Category: contracts

Woman sues VH1 for showing her Naked on…a dating show where people get naked.

In yet another example of why we think people are idiots, a woman who appeared on the VH1 reality series, Dating Naked, filed a $10 million lawsuit against VH1 and its corporate parents, after the show aired a scene in which she was naked on Dating Naked. Now of course you might be thinking, “Hey, what did she expect?”, in which case, you do not know much about the “bait and switch” of television and you underestimate the intelligence of people who want to be on TV so badly, they agree  to be seen naked by the multitudes or at least a stranger and film crew.

According to the plaintiff, Jessie Nizewitz, an aired episode featured a scene where she and her date wrestled naked on a beach and there was a short non-digitized view of her non-bedazzled va-jay-jay. For some reason, she believed that wrestling naked in front of cameras was not going  a problem because show’s producers promised her that all nudity would be censored or shown in a “dignified way”. According to the complaint the producers agreed to broadcast only her blurred vagina and anus on all showings. If that is so, we may have a breach of contract suit, though the very brief shot (which I have not seen) may indicate an unintentional lack of editing. Or it could have been very intentional. Broken promises are nothing new in Hollywood.

But where this gets really interesting is that our plaintiff, a 28 year old model who agreed to get naked with a stranger for a TV show, is claiming mental anguish, humiliation and embarrassment. She argues that once the show aired she immediately received text messages from friends and family. One message read, “So your money shot is on cable TV”. This, of course, is horrible. It means a 28 year old woman has a friend or family member who does not know what a money shot is.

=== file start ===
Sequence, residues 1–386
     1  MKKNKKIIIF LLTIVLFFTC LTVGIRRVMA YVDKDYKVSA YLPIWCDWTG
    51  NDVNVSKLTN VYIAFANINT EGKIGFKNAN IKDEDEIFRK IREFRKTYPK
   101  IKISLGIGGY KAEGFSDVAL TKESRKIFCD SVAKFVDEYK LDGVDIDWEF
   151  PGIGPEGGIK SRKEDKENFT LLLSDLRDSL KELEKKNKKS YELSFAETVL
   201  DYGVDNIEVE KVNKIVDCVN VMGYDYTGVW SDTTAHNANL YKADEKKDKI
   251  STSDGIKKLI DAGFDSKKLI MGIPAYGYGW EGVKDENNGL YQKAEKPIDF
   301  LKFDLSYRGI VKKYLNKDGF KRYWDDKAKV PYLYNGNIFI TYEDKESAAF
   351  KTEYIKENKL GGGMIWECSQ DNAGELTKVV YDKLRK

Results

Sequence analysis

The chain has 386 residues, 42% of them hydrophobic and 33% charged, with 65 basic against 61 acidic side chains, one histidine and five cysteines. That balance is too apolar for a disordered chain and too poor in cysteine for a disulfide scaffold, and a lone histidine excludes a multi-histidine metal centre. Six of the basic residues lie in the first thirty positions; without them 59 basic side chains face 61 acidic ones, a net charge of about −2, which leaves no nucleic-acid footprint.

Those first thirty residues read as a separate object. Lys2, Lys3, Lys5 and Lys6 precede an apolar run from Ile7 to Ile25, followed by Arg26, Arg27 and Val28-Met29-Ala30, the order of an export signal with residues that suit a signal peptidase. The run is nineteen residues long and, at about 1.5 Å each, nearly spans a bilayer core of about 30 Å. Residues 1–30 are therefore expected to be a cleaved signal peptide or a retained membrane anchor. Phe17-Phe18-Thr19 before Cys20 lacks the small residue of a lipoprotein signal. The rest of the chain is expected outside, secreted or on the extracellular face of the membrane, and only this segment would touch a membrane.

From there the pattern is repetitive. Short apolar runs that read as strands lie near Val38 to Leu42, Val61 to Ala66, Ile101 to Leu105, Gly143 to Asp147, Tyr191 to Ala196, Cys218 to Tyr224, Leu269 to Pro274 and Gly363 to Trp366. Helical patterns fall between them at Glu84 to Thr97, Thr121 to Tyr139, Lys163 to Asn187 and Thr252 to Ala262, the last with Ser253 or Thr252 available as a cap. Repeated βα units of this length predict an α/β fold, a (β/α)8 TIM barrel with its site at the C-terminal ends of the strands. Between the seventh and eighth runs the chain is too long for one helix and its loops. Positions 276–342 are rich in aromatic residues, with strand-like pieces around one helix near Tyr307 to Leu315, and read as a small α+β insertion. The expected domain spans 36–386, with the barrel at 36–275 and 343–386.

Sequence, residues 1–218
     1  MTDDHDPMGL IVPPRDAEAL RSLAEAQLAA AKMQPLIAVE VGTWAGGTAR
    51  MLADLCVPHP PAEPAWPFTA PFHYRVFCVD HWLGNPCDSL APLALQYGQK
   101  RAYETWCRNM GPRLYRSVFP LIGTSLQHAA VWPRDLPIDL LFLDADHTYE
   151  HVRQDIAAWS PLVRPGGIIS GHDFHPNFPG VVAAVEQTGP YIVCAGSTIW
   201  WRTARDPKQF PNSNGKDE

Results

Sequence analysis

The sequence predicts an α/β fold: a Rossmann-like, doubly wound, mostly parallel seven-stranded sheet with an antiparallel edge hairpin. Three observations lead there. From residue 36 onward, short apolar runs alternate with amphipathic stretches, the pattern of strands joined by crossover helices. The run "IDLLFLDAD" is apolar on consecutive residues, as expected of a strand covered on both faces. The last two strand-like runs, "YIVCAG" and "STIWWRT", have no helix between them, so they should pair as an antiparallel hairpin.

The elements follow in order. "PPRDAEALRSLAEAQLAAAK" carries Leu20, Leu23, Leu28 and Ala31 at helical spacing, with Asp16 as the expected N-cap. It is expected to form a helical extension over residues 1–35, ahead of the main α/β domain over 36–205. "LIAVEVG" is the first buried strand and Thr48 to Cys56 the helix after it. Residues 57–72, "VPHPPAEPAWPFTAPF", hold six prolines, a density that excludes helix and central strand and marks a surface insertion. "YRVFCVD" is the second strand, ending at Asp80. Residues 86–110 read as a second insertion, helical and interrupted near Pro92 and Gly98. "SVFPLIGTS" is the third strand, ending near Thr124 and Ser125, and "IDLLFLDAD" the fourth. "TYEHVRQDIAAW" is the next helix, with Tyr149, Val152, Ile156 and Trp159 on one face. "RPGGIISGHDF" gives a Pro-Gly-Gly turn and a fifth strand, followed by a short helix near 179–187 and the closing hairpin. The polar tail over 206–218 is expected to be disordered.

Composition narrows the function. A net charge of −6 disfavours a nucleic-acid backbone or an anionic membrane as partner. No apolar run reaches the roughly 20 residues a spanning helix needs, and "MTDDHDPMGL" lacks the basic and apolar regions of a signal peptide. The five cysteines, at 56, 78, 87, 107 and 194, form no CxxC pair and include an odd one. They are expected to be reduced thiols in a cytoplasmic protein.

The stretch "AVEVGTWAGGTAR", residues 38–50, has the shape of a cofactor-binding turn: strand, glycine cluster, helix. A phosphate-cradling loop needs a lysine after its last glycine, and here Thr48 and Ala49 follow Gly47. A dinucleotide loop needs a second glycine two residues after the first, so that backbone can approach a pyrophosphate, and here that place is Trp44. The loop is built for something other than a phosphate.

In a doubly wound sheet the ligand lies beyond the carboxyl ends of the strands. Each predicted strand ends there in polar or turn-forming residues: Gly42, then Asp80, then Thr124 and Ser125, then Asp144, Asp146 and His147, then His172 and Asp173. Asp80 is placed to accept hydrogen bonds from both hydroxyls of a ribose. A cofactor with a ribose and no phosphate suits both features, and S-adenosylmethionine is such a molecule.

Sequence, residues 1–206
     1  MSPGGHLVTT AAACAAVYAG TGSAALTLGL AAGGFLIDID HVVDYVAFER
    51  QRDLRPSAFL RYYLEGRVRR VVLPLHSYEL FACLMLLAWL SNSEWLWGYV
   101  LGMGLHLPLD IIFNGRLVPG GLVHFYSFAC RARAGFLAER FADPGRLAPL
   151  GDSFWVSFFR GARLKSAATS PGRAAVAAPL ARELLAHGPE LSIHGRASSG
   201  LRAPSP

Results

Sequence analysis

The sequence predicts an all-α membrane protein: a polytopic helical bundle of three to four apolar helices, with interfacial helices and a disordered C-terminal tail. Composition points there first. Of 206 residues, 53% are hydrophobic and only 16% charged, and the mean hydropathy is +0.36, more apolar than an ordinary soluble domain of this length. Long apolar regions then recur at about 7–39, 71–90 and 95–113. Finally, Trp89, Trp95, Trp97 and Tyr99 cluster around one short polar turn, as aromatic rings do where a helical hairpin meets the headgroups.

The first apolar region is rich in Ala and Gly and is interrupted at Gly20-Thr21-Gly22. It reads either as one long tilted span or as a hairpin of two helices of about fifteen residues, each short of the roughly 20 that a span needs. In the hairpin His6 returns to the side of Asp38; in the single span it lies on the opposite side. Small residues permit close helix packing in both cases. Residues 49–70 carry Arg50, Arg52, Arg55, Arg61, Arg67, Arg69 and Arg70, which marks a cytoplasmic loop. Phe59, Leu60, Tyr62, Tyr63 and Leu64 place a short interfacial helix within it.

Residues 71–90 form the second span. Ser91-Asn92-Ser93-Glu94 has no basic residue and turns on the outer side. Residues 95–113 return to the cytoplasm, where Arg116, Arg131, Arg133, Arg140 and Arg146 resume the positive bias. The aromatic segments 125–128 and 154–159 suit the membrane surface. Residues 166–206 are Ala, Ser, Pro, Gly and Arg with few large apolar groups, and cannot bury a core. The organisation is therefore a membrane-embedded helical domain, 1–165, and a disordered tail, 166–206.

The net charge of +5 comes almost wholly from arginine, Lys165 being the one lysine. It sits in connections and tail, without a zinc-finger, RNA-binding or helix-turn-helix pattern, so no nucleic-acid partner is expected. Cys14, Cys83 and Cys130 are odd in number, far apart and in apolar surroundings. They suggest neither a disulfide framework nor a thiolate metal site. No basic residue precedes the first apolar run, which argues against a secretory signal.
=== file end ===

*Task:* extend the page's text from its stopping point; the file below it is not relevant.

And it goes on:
Besides that tragic realization, plaintiff also claims that she was further harassed on social media. Apparently, people who watched the show to see naked people, told one of those naked people, that they saw her naked. According to the complaint, the incident was so shocking to the gentleman she was dating that he never called her back once the show aired. This is, of course a triple whammy as she describes the man as “employed, Jewish, in his 30s and that’s pretty much ideal”. Wherever will she find another employed, Jewish man in his 30s who is ok with his new leading lady being naked and wrestling on the beach with some other guy, but won’t be traumatized by seeing her vagina or anus for a split second on TV? I do not know, ladies and gentlemen, and it is too distressing to contemplate.

By the way, did I mention plaintiff is a model? Not to disparage models, but nobody becomes a model because they dislike being looked at. (Or do they? Models feel free to contact me and let me know. Do NOT send pictures, I will take your word for it). And here we have someone who decided to get more exposure and is now allegedly distressed that she got a few inches more than she wanted. This may actually become an interesting case because we could have liability for the breach of contract with very low damages and no liability on the mental anguish torts. At first blush, I like the odds for the Defense.